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May 6, 2022 [LINK / comment]

The first month of baseball: a few surprises

Among the biggest surprises from the (lockout-shortened) month of April in baseball has been the abysmal record (currently 3-22, or .120) of the Cincinnati Reds. Baseball Digest had the Reds pegged to finish in third place this year, but that seems extremely unlikely right now. Aging star Joey Votto is currently batting .122, almost exactly the same as his team's win-loss record. At age 38, he is a contemporary of recently-retired Nationals' star Ryan Zimmerman. Maybe Joey should have followed Ryan's example. Only the Arizona Diamondbacks have a lower team batting average (.190) than the Reds (.203) do. As for pitching, the Reds have by far the worst team ERA: 6.86.

Baseball Digest also forecast that the Chicago White Sox would win the AL Central Division, which is currently led by the Minnesota Twins. How long can that situation last? I don't even remember the last time the Twins were postseason contenders. The White Sox have won four games in a row, and I got to watch them beat the Red Sox in Fenway Park on Apple TV+ this evening. The Chisox' ace pitcher Lucas Giolito has actually been eclipsed by a slightly younger (age 26) pitcher named Dylan Cease. (And desist?)

Another big surprise is that the Boston Red Sox -- picked by Baseball Digest to win the AL East -- are now in last place, behind the Baltimore Orioles!!! That inevitably leaves the field open for the Yankees to dominate the division, and they currently lead the majors with an 18-7 (.720) record. Payroll, payroll, payroll... But close behind are the perennially underfunded yet overachieving Tampa Bay Rays, who are now 16-10 (.615).

To me it's no surprise that the Los Angeles Angels are in first place, but for some reason Baseball Digest had them pegged at fourth place. Anthony Rendon, who signed a fat contract with them after leaving the Nationals following their World Series triumph in 2019, is recovering from an injury-plagued 2021 season.

Likewise, the big lead in the NL East currently enjoyed by the New York Mets is no surprise to me, but Baseball Digest had them finishing in second place behind the Atlanta Braves. It's pretty clear that their forecasts were made before the 2022 rosters had been finalized -- another side-effect of the MLB lockout that postponed all the hot-stove wheeling and dealing until mid-March. Any team with both Jacob deGrom and Max Scherzer in their pitching rotation is almost guaranteed to make a deep postseason run in October.

Finally, the Milwaukee Brewers are ahead of the St. Louis Cardinals in the NL Central, and the L.A. Dodgers have a slim lead over the San Diego Padres in the NL West. The Giants have fallen into fourth place, but they're only three games behind the Dodgers.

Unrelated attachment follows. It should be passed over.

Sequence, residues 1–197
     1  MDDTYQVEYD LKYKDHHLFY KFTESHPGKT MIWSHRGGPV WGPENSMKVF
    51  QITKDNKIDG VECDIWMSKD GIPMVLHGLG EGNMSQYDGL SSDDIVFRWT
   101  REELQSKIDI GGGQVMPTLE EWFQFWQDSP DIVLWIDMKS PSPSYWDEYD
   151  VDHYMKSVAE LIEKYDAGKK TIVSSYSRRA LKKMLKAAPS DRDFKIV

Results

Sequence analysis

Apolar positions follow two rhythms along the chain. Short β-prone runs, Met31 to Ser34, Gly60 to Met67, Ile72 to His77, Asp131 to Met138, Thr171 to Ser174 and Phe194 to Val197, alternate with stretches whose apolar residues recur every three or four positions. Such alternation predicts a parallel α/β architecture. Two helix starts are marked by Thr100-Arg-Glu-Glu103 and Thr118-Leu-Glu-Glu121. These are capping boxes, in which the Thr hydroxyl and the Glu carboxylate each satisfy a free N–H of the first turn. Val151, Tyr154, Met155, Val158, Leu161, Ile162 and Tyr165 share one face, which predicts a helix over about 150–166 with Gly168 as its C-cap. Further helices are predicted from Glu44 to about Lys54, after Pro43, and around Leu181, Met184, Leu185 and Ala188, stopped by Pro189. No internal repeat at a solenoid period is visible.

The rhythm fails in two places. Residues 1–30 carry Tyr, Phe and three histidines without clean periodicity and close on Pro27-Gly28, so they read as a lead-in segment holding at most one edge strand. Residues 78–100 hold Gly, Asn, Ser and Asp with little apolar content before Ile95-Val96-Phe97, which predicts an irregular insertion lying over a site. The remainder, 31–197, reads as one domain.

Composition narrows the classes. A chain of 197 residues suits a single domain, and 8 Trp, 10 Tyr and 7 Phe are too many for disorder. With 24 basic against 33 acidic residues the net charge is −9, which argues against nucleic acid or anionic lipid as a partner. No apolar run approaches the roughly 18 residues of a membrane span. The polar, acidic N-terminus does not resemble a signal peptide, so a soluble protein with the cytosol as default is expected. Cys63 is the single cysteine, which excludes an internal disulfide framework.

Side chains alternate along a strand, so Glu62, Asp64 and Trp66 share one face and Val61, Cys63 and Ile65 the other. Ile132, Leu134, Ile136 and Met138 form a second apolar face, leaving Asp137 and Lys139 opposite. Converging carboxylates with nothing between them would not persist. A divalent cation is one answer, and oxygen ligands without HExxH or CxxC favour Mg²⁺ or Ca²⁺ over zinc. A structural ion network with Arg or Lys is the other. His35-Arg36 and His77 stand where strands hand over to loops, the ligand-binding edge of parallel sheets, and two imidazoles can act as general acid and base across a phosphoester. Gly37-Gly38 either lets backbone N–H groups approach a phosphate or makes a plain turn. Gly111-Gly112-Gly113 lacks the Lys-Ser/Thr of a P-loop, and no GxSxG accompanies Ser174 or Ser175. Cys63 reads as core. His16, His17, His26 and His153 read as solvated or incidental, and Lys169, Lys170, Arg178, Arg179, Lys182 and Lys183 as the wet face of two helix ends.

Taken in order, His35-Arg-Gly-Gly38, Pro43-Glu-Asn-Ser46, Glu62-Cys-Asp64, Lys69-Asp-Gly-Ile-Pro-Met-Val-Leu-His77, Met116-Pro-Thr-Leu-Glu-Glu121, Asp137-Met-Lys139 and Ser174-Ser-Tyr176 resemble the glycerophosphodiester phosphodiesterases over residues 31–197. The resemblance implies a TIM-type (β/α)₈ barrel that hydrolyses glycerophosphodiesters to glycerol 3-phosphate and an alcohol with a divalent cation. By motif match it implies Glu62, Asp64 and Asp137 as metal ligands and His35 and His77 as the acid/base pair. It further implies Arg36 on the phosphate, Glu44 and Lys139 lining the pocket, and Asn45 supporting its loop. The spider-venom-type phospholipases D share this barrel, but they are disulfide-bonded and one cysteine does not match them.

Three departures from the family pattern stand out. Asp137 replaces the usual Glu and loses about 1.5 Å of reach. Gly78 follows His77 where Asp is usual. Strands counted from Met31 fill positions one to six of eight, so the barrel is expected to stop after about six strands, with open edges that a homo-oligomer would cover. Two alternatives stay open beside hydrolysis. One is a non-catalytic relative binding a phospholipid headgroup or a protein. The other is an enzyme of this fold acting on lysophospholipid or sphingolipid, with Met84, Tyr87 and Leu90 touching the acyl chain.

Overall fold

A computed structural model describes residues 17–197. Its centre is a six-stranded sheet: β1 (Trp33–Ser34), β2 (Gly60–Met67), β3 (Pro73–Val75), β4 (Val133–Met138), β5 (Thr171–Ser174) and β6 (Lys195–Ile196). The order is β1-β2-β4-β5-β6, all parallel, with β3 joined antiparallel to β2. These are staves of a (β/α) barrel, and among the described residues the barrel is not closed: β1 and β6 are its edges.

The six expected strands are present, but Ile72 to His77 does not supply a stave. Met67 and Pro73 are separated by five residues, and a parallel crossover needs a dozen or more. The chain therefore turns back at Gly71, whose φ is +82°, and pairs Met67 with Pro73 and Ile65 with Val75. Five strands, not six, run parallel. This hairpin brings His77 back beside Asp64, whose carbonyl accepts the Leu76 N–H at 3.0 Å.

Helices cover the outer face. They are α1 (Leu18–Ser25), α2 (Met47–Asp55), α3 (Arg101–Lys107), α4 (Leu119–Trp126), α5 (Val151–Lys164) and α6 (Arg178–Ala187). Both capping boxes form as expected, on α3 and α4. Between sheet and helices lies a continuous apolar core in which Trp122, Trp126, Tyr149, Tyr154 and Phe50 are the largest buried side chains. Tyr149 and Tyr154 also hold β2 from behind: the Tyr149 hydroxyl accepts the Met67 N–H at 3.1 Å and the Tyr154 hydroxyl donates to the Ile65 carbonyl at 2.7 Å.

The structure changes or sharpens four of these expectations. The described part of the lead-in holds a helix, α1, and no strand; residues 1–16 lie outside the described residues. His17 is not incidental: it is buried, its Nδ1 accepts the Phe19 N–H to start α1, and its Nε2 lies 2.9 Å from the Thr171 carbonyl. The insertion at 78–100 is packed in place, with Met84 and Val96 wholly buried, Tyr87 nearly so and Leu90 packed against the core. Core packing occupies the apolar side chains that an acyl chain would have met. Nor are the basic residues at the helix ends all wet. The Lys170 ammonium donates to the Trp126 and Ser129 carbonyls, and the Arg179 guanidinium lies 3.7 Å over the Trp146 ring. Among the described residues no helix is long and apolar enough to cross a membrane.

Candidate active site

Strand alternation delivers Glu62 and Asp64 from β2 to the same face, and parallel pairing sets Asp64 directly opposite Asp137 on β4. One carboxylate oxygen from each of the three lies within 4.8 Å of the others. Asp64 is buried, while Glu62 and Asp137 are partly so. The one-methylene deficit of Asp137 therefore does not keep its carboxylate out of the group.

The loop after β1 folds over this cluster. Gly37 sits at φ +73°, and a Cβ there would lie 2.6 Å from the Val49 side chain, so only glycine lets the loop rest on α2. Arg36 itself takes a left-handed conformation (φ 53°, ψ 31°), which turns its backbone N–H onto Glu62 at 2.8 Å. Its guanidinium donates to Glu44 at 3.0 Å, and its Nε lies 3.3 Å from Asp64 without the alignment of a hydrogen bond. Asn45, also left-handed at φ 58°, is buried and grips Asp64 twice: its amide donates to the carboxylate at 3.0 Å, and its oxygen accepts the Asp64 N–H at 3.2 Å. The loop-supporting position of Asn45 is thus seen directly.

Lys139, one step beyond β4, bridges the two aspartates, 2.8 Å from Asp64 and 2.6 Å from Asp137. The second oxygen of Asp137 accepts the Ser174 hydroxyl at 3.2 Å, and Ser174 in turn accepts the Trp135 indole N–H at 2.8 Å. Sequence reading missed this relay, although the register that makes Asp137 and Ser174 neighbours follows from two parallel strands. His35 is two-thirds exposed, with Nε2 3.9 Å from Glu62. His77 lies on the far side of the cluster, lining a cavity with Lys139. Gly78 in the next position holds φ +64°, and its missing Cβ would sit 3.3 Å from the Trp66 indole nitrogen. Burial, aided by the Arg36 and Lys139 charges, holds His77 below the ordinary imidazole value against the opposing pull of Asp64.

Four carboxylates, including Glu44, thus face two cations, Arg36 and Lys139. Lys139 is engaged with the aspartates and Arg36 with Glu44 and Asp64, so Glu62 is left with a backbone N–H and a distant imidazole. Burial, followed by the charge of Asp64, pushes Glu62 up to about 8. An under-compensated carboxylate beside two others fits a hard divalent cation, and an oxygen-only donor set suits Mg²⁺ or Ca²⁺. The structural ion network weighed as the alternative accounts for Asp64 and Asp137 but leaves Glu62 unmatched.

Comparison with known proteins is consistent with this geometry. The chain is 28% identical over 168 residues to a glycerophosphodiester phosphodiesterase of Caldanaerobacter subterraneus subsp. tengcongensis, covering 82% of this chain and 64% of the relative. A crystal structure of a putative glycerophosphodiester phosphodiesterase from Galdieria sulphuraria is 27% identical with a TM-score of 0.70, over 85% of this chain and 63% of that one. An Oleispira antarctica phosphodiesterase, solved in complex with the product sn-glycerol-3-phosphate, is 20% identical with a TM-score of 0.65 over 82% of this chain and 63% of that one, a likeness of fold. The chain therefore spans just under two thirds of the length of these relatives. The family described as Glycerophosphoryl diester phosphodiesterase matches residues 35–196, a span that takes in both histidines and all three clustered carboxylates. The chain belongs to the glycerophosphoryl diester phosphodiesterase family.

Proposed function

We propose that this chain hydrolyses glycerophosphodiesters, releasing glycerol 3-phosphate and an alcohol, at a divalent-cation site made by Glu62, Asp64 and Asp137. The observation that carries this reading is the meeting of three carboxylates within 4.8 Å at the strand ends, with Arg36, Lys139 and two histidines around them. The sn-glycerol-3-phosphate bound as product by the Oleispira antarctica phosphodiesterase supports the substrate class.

The Nationals' s-l-o-w rebuilding

The Washington Nationals are also in last place, likewise badly underachieving, but they are at least showing occasional glimpses of a brighter future. Believe it or not, the Nationals briefly had the second-highest team batting average in the majors, and are now tied for third (at .254) with the Cleveland Guardians. Their slugging star thus far is first-baseman Josh Bell, who is tied for fourth place in batting average (.348) in the National League. Last year's second-place MVP candidate Juan Soto has gotten off to a slow start, and for a couple days actually had a lower batting average than perennial under-achiever (?) Victor Robles, but has improved recently. Robles started to improve recently, and in the Nats' memorable 14-4 triumph over the Giants in San Francisco on April 29 (ending an awful 8-game losing streak), he went 4 for 5 at the plate. The Nats took two of three games in Oracle Park, knocking the Giants out of first place. That was a big surprise!

Pitching is another matter, however: the Nationals' 5.03 team ERA is exceeded only by the Cincinnati Reds. (See above.) frown That number is artificially inflated, however, by a few bad outings of Patrick Corbin and Erick Fedde, both of whom have shown much improvement lately. Because of the lack of run support, however, Corbin has yet to register a win. He actually pitched a complete game (8 innings) in a loss to the Rockies in Denver on Wednesday. Josiah Gray (acquired from the Dodgers in the big trade for Max Scherzer and Trea Turner last year) had a couple rough starts, but is showing great promise now. Stephen Strasburg and Joe Ross are both recovering from injuries and/or surgeries last year, and may be available to pitch later this month, finally.

The Washington Nationals page has been updated with roster and salary information as well as data for April, when they went 7-16. (They are now 9-18.) As a reflection of the extreme roster turnover, there are photos for only four of the nine starting players on that page. (Since the National League has adopted the Designated Hitter rule this year, I will need to modify that starting-team graphic to include the Nats' DH, Nelson Cruz.) Tonight the Nationals begin a three-game series in Anaheim, after losing two out of three games to the Rockies in Denver.